So, they’ve got to stop smoking. They have to lose weight. They have to have good sleep. They have to do regular exercise. They have to make sure they’re mentally and socially stimulating themselves, and then control any vascular risk factors. That’s going to help their central nervous system and, I believe, enhance their response to any other disease modifying therapy.
Fred D. Lublin, MD, FAAN, FANA: I think the smoking is at the top of that list. Do you view selection any differently?
Clyde E. Markowitz, MD: No. I think that the way Pat is approaching makes the most sense. I like the idea of trying to have patients have the decision making shared in that way.
I think one of the things that we’re coming across is that we might spend all that time in the conversation with a patient, and at the end of the day we choose this and the patient says, “I cannot do that,” or “It has this risk, or this risk,” or whatever the issues are. Then, you’ve got to back down from that point of view. Or the insurance company comes in and says, “I’m sorry, we’re not going to approve what you want to do anyway.”
It’s a challenge, but I do take the approach, similar to Pat. We look at the whole prognostic features and make a determination of what we think is the best for the patient and try to convince the patient that that’s why we want to go down that pathway, but it can be very challenging.
Fred D. Lublin, MD, FAAN, FANA: What do you think of treating early on? Are you treating relapses? Are you treating degeneration?
Clyde E. Markowitz, MD: I think I’m doing both. I think that we have enough data to suggest that those relapses lead to tissue damage. That, ultimately, is what I’m trying to prevent. Getting them on therapy is always possible with something that is effective in preventing that. I think, ultimately, I’m reducing tissue damage in neurodegeneration. That’s what I think. I don’t know that absolutely, but that’s what I believe.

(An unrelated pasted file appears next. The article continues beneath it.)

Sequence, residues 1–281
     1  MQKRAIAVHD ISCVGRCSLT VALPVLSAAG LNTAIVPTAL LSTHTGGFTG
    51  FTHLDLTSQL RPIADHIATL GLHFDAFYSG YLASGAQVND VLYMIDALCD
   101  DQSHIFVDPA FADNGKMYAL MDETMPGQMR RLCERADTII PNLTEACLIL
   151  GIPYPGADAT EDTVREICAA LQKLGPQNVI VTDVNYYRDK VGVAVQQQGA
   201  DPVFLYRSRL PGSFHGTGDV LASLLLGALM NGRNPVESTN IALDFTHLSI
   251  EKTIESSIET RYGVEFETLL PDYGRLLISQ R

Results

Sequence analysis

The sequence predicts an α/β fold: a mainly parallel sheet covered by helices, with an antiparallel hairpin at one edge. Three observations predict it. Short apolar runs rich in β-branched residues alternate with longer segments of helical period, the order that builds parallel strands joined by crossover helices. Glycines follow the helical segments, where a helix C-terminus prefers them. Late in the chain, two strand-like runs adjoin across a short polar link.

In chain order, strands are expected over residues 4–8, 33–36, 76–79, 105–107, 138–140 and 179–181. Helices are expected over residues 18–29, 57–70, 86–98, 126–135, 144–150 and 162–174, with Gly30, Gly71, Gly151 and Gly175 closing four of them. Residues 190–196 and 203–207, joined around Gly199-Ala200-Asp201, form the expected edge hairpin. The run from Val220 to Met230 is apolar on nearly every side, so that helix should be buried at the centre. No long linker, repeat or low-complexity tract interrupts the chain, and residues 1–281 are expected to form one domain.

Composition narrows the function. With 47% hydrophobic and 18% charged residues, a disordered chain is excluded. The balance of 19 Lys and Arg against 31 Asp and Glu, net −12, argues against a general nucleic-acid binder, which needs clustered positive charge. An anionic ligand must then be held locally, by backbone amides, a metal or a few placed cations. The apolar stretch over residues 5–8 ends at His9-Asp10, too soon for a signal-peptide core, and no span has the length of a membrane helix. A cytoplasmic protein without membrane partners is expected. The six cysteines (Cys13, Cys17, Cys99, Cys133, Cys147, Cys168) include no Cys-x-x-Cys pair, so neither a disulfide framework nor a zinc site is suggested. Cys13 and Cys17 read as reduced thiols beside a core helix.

Claire S. Riley, MD: And, perhaps, that some control of these other risk factors and vascular health might have positive effects on limiting neurodegeneration too. There’s so much more to know about it.
Fred D. Lublin, MD, FAAN, FANA: Do you think that we’re at the stage yet where we could think about targeting specific immune functions—T-cells, B-cells, cytokines?
Clyde E. Markowitz, MD: Yes.
Claire S. Riley, MD: We are doing that. Our medications work in different ways, but I think that unfortunately, we don’t yet have the tools to say, “Oh, clearly your MS phenotype is going to respond better to a B-cell-directed therapy.”
Each of our treatments and classes works in different ways by harnessing different disruptions of the immune system. What we want is the ability to do a cheek swab, get genetic material, and say, “T-cell receptor, here we go,” or “B-cells with antigen-presenting cells.” That would be the targeted mechanism, we’re just not quite there yet.
Fred D. Lublin, MD, FAAN, FANA: Immunophenotyping.
Claire S. Riley, MD: Right.
Clyde E. Markowitz, MD: That would be good. One thing, that I think is kind of interesting, that’s evolved in the last couple of years, is the understanding of how some of these drugs work, and the cell types they target, or maybe the cytokines that they go after. But, if you then look at how the research has evolved over the last decade, thinking about B-cells for a moment, you can see that all the drugs we have approved currently, that we believe were working primarily on the T-cell side of things, actually work on the B-cell side as well. It may not be that we have to go after one particular type, but it just may be broad enough that you’re affecting both arms of that. That may be the benefit, ultimately, for these drugs.
When we deplete B-cells, are we depleting the B-cell function toward what happens to the T-cell at that point? You know, antigen presentation, etcetera? Or is it very specific to the B-cell? We don’t know that. But we know that you’re having a global effect on the disease. So, it may not necessarily require us to knock out a specific cell type, per se, and understand what I think is a moving target. We’re learning a lot.